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Seven key considerations for successful ERP implementations


A strong enterprise resource planning (ERP) system is at the core of all effective organizations. A strong ERP enables efficient internal processes, effective analysis, and ensures an organization does not waste time on back end operations that take away from the organization’s core competencies. A successful implementation sets the groundwork for a strong system, relieves change management efforts, and ensures organizational buy-in. Here are seven key success factors to ensure your ERP implementation sets your organization up for success:

1.     Organizational and leadership buy-in: Change is difficult for any organization. People are comfortable with the way they do things, and disrupting that can cause negative effects to the organization. Leadership buy-in is critical to a successful implementation of an ERP system. Executives should drive the vision of the organization. Executives who buy-in and support the implementation of an ERP system help improve morale, motivate employees, and quicken decision-making.

2.     Selecting the right software and implementation partner: There are many ERP systems on the market for all types of organizations and it is critical that your team takes the time to find the right system for your organization. Make sure that you are developing the requirements that your organization needs for a new system and that vendors meet those requirements. The last thing you want to do is go through the effort of an implementation and realize a system does not meet your needs. Selecting the right partner to implement that system is just as important. You need to make sure the team you are working with understands your needs, communicates with you clearly, and works hard to implement your system the right way. Make sure you are doing reference checks for not only the system, but also the implementation partner that you are working with.

3.     Strong organization preparation and vision for the new system: As the saying goes “proper preparation prevents poor performance”, an organization should spend time as much time as they can on developing future state business process to prepare for an implementation. Unprepared organizations end up spending additional time on process decisions, which ends up delaying system build. This will help drive the implementation in the right direction and ensure that project progress is not in jeopardy.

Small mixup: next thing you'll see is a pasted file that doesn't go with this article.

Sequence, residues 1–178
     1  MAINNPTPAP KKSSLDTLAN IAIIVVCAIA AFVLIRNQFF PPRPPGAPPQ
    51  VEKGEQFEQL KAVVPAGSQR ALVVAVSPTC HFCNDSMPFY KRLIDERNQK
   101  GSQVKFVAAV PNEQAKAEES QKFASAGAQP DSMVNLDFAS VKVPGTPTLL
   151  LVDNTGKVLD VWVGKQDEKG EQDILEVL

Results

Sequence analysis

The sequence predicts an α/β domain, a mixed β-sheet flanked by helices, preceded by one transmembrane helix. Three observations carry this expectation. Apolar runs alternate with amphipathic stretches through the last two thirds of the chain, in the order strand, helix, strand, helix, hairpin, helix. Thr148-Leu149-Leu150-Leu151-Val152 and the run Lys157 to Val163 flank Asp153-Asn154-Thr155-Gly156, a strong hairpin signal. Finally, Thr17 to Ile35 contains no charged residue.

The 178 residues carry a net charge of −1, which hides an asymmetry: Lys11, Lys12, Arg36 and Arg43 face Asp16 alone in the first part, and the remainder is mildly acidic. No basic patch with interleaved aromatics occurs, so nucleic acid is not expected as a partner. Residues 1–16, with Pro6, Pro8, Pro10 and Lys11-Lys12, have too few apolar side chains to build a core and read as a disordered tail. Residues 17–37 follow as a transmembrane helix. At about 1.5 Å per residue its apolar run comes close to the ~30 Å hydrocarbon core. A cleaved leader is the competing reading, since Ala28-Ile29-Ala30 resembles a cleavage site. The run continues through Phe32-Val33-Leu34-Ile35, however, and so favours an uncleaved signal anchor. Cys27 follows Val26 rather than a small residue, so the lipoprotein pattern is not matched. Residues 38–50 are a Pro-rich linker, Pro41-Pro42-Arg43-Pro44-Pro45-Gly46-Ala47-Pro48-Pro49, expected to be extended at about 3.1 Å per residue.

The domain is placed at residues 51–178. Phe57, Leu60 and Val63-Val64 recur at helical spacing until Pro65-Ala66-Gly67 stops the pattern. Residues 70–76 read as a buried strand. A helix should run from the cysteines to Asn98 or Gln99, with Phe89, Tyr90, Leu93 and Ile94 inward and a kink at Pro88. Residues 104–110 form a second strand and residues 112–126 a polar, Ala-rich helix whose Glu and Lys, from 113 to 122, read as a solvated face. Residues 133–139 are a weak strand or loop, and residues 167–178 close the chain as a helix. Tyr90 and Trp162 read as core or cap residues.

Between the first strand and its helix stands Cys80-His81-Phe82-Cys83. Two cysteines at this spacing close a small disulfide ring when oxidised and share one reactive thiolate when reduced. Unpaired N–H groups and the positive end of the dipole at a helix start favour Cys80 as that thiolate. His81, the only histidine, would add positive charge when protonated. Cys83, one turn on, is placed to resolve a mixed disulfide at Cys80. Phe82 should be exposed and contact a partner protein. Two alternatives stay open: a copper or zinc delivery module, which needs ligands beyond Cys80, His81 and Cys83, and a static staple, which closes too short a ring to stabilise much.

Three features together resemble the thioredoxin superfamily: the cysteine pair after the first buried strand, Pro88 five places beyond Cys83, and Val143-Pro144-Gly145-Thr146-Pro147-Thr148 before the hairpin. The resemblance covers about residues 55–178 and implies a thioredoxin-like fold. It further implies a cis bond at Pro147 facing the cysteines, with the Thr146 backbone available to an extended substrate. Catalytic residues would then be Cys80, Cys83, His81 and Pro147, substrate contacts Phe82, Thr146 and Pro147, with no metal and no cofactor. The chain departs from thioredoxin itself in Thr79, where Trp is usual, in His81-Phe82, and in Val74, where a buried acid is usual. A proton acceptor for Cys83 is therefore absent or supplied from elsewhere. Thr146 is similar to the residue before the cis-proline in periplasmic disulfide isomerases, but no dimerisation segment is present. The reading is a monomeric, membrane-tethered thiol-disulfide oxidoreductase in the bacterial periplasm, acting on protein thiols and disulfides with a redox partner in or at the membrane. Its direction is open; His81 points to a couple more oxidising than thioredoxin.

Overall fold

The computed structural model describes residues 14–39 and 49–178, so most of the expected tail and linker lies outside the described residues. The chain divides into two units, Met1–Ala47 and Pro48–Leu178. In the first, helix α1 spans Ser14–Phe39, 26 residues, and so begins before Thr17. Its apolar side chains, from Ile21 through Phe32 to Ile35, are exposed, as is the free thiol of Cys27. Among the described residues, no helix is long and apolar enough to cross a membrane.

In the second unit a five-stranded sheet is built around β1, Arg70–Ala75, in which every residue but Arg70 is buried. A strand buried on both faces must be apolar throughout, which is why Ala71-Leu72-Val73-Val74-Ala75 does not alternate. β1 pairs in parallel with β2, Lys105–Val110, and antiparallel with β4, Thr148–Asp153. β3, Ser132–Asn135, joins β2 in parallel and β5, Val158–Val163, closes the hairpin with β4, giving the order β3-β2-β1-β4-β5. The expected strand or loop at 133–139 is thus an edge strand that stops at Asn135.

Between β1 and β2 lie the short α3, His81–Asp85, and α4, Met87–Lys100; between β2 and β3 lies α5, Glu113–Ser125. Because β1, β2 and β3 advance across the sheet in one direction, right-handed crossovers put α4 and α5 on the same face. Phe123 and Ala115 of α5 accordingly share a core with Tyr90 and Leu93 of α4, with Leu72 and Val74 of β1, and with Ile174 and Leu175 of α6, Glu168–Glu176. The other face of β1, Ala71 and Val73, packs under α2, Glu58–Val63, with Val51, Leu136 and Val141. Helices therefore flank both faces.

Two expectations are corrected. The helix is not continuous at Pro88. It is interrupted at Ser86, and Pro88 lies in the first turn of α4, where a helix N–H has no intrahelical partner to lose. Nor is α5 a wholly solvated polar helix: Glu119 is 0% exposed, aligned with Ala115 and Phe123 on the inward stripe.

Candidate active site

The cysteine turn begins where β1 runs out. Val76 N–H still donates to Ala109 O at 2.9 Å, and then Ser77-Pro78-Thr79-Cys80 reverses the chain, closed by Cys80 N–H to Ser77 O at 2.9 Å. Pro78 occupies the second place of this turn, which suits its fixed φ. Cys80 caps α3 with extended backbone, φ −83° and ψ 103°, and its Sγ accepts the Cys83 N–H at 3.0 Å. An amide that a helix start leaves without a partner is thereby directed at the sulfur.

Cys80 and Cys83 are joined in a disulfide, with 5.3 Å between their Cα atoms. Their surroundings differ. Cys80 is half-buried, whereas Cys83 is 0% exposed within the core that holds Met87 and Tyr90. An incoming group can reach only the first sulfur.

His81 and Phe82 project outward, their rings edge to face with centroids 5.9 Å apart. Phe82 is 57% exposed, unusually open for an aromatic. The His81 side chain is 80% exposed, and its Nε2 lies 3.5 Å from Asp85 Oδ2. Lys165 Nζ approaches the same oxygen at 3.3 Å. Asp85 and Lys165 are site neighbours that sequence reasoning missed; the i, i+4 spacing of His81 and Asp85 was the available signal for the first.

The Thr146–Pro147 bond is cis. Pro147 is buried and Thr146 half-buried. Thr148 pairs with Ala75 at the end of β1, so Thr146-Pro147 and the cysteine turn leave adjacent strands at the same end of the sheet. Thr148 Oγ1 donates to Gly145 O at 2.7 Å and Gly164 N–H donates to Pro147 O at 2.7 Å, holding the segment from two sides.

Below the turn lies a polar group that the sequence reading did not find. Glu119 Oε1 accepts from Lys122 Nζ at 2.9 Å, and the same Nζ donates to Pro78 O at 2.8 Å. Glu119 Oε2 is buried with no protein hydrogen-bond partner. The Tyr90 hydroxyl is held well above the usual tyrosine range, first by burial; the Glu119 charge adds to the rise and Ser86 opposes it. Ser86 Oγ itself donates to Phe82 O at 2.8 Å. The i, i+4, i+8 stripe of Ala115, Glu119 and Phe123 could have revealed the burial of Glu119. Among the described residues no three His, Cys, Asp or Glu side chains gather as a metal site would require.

4.     Team buy-in on adapting to new technology: Many times, an ERP implementation is the first system a company implements as it takes on a digital transformation, as such organizations are used to outdated systems and paper. This can make any implementation difficult when employees are not able to adapt quickly to new technology or simply do not want to adapt. Organizations should invest in training courses for their employees to help them understand new technology and feel more comfortable when working in a new system.

5.     Dedicated project team with an executive sponsored time commitment to the implementation: One of the hardest tasks for any organization when they take on an ERP implementation is managing your normal workload and the time commitment needed for the implementation. To prepare properly for an implementation, the CFO should ensure that there is a project team in place with time dedicated to the project aside from their normal job responsibilities. Any project can be derailed when people become burnt out and just do not have the time to complete tasks. You can avoid this by carving out time for your team and checking in with those resources regularly to make sure they have what they need to succeed.

6.     Buy-in and support from the organization’s IT team: Any system implementation needs support from the organization’s IT department. The IT team is critical to the technical implementation of the system on the organization’s network, maintaining any data requirements, and ensuring data is secure. Without IT buy-in, functional users end up completing tasks that they are not knowledgeable in related to system set up and end up creating unnecessary risk for the organization. IT buy-in is critical to implementation support.

7.     Advisory and project management support from an experienced ERP implementer: Most organizations do not implement new systems regularly; this inexperience can lead to poor planning and halt project progress. An organization should collaborate with an experienced ERP implementer for project management support and general advisory. Although this may seem like just another added cost to the project, this type of support helps organizations cut down on added cost from project delays and added time for the team when issues arise that could have been avoided.

Any implementation is difficult. All organizations will hit road bumps along the way. Keeping these factors in mind will help organizations not only reduce those road bumps, but also address them in an effective manner to keep their implementation successful.